"The Mace-type sprays have proven to be much less effective than once believed. Many people can take several streams of the stuff square in the face with no immediate ill effects. It only works right off when it's sprayed in the eyes, which is a no-no. Even that won't work if your assailant wears glasses, or shades. Drunks are almost immune. The instructions say to spray at the chest, so he'll inhale the rising fumes. It just doesn't work that way."

"The police department to which I am attached, issues Curb 60, the most potent of such sprays. On one occasion, I was accidentally sprayed in the face with it. I had sense enough not to inhale, but wiped off as much as I could and held my breath as I walked to the nearest sink to flush the exposed skin. There was a tingling that began after a few moments, and grew to a burning sensation like very strong after-shave before I washed the stuff off. I did have some trouble breathing, but nothing incapacitating."

``Forget Mace. The only thing it's good for is to facilitate rape (sprayed into the victim's face, she can't breath enough to scream or resist), or to cope with vicious dogs (susceptible only because the mucous membranes of their tongues and noses are directly exposed to the spray)."

"`But police advise you not to buy a gun.' That's how all those [rape prevention] articles end, with an explanation that you'll shoot yourself instead of the attacker."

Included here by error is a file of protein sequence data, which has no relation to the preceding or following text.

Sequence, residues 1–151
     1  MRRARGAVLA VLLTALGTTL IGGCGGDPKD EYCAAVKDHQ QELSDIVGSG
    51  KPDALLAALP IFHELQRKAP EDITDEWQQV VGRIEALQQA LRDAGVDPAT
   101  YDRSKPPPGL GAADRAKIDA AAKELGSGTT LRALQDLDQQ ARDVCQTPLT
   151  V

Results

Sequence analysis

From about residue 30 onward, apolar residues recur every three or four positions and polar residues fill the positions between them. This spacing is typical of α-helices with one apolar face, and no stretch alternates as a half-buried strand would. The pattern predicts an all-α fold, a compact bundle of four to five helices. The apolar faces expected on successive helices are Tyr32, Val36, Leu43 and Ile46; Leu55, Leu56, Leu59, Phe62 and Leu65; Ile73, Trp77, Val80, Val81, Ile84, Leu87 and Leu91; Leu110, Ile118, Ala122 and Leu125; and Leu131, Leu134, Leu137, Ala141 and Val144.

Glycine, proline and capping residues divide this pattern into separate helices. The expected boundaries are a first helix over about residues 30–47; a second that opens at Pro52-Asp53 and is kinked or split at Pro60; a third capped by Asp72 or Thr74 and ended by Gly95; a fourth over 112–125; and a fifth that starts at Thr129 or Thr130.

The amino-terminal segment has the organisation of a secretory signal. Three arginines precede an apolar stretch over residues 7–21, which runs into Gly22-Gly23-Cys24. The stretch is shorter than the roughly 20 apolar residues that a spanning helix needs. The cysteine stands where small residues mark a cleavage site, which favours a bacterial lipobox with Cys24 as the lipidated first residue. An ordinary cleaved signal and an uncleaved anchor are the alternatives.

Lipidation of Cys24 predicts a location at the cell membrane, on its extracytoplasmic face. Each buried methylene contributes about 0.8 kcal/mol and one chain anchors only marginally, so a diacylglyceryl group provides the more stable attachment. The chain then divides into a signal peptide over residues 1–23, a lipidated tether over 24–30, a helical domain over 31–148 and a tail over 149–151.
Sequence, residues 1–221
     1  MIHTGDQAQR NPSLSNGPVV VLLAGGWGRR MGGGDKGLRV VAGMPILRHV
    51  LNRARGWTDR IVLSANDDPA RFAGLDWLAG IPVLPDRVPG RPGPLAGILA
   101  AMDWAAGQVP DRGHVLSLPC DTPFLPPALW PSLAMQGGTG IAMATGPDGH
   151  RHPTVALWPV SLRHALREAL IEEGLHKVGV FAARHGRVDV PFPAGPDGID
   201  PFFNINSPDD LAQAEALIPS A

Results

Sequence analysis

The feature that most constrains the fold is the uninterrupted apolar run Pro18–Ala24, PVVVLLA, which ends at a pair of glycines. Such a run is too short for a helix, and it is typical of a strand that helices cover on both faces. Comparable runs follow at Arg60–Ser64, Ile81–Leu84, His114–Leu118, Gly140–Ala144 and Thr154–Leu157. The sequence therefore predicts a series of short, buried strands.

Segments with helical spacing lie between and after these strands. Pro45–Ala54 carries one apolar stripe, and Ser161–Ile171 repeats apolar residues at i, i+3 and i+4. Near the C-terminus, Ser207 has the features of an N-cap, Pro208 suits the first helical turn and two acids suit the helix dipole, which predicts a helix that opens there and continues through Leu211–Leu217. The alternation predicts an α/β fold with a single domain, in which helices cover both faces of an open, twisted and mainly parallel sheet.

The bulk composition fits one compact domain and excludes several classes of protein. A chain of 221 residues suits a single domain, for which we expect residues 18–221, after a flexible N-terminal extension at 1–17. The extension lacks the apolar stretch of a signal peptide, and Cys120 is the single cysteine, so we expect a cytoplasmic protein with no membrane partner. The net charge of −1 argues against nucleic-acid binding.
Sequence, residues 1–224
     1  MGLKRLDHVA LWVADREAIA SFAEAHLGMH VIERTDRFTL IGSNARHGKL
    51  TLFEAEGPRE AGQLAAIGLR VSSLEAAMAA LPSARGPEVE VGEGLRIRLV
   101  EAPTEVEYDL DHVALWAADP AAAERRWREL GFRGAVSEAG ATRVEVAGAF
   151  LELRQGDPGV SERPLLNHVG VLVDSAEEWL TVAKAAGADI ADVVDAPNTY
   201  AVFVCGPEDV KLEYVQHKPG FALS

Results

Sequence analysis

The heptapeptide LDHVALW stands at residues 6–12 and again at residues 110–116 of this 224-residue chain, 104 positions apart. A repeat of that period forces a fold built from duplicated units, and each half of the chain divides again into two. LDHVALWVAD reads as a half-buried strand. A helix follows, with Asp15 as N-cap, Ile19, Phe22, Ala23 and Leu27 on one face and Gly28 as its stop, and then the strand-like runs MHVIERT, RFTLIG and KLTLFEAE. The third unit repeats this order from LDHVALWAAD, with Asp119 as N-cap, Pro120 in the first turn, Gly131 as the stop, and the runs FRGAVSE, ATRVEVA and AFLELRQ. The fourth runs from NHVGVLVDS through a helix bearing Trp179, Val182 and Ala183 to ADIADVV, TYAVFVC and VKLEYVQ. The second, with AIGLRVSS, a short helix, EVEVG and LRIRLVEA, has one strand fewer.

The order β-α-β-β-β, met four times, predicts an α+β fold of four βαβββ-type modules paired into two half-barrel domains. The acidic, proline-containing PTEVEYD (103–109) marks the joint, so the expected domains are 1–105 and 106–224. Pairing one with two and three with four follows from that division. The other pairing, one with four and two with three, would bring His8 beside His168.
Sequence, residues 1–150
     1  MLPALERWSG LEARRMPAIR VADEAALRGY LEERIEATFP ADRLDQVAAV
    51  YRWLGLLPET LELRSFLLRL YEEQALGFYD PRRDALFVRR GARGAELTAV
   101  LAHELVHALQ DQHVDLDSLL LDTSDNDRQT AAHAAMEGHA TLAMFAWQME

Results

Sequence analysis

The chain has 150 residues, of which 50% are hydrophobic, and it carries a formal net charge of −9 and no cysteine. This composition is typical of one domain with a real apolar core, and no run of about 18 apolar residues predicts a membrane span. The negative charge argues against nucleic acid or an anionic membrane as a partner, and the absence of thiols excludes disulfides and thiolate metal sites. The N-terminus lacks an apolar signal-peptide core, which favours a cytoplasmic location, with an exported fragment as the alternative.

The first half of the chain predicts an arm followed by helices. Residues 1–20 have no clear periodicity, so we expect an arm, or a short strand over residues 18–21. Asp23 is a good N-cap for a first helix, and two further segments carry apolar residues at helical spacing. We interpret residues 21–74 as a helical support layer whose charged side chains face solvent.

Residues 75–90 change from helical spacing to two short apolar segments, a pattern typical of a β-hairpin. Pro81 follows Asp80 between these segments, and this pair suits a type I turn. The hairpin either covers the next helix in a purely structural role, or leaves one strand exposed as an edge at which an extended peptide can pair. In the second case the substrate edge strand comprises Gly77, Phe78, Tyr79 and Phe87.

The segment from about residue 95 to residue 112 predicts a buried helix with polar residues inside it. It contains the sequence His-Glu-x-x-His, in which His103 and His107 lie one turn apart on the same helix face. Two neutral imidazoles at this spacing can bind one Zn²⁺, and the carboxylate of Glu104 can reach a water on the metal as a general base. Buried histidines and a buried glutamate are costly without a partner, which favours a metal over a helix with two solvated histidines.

"It's bull, all bull. Guns are the only weapons that put a physically small or weak person at parity with a powerful, very possibly armed, criminal.'' -- Massad Ayoob, In the Gravest Extreme: The Role of the Firearm in Personal Protection, 1980, self-published, pp. 36-38.

Those who claim that Mace-type sprays are an effective substitute for handguns overlook the fact that police, almost all of whom carry such sprays, also still carry handguns. As one officer acquaintance of mine (a Sergeant in a major metropolitan police department in the Northeastern U.S.) told me, ``We are told that it's not a substitute for a gun.'' It is instead merely a means of non-lethal defense for those times when deadly force is not warranted.

If, perchance, it is a police officer ``advising'' you not to buy a gun because ``pepper spray'' is good enough, ask the officer if he trusts it enough to quit carrying his gun while on (or off) duty. I'll note with some hope and optimism that outside of political-hack police chiefs, such ``advice'' will be very rarely offered by a rank-and-file street cop.

Ayoob goes on to say that if you do not intend to shoot, or do not believe that you could ever really shoot anybody, but wish only to scare away the attacker, then ``abandon any thoughts of keeping guns,'' because, as Ayoob writes, ``A criminal can tell when a person isn't going to shoot, the way a dog can smell fear. And to pull a gun you don't intend to use is to flaunt a power you do not really command: you are inviting the opponent to take it away from you, and antagonizing him to use it against you.'' (Ibid., p. 40).